How to Choose Between Cash and Accrual Accounting to Manage Your Finances
If you are like many e-commerce business owners, you probably don’t give much thought to how your Chart of Accounts is set up or how your financial reports are structured.
However, when the time comes to sell your business, this can end up costing you thousands of dollars and even delaying the sale.
Let me explain. There are two types of accounting methods to record transactions – cash and accrual accounting. Both methods help businesses keep track of their finances and ensure that you can accurately report your taxes.
However, each method has advantages and disadvantages. In this post, we will take a closer look at both accounting methods to help you choose the right one.
What’s Cash Accounting?
Cash accounting is straightforward and easy to understand, which can be appealing to some small businesses. It’s also similar to how many people manage and track their personal finances.
When using cash accounting, you record revenue when you receive money from your customers. You record expenses when you make payments to suppliers and employees.
Here are some examples of how you’d record and track business transactions using a cash accounting method.
- You receive a bill for $200 from a supplier in April, and you pay it in May. You’d record the $200 expense in May.
- You sell $600 of products on Amazon in May, but your next settlement does not post until June. You would not include any of these sales in May.
- You were billed $100 from a supplier in May, but payment isn’t due until June. Since you haven’t paid yet, you wouldn’t record this in May.
What’s Accrual Accounting?
When using accrual accounting, you record revenue when it’s earned, such as when you deliver a product to the customer. Often, you record the revenue before the money is received. You also record expenses when they occur, regardless of whether any money is paid at that time.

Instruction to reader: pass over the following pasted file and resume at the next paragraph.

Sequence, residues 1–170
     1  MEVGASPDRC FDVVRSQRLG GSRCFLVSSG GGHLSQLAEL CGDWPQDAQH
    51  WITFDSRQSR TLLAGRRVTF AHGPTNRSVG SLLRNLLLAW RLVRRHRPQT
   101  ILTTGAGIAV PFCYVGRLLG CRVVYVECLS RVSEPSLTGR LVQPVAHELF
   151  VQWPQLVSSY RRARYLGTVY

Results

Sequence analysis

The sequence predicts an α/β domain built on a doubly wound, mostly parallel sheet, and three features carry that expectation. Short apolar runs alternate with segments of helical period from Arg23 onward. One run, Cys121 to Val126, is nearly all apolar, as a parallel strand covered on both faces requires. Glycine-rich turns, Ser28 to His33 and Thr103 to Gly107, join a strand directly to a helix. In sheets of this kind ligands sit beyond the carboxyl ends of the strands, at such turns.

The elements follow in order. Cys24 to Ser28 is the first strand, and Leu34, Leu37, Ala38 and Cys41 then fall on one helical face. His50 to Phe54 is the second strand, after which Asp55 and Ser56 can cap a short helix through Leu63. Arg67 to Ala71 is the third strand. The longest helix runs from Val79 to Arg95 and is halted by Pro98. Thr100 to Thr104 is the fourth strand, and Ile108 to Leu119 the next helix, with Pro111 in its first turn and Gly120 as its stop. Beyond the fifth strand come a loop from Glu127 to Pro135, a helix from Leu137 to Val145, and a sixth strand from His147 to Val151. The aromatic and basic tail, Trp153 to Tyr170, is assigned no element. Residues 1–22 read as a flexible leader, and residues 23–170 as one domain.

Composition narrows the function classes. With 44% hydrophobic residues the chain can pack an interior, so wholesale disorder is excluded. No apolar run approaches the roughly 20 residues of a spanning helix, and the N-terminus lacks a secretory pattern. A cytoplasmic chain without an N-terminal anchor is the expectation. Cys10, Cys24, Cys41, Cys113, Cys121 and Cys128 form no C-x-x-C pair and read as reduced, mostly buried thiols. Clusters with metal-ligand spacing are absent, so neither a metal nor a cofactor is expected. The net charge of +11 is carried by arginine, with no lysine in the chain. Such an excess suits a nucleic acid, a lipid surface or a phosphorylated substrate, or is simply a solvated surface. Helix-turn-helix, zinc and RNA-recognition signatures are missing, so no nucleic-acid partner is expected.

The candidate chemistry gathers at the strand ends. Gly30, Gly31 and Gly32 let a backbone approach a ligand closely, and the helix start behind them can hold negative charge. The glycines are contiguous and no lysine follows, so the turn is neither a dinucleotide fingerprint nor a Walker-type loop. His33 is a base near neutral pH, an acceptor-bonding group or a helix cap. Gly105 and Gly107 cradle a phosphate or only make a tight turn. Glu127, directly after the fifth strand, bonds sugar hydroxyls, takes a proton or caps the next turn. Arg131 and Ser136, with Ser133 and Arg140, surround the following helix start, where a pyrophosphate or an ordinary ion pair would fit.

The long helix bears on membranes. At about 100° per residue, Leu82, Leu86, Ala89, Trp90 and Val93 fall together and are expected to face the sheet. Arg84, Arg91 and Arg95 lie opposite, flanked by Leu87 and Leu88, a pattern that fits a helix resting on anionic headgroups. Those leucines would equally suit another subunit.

The accrual accounting method is recommended for most e-commerce businesses because it can provide a more realistic picture of income and expenses during a set period. This helps companies understand a long-term view of their business that is harder to capture with the cash accounting method.
Here is how you’d record and track business transactions with the accrual accounting method using the same scenarios discussed in the cash accounting examples.
- You receive a payment of $1,000 in May from an invoice you sent in April. You wouldn’t record a revenue of $1,000 in May because you would have already recorded it in April.
- You receive a bill for $200 from a supplier in April, and you pay it in May. You wouldn’t record the $200 expense in May because you would have recorded it in April.
- You send an invoice for $600 to a client in May, but they do not pay during that month. You would record the money in May because that’s when you sent the bill.
- You were billed $100 from a supplier in May, but payment isn’t due until June. You would record the expense in May because that’s when you received it.
In the above example, the business would record a net profit of $500 for May.
Key Differences of Cash vs. Accrual Accounting
There are disadvantages and advantages to each accounting approach. Here are five key differences between them to help you determine which system is right for your business.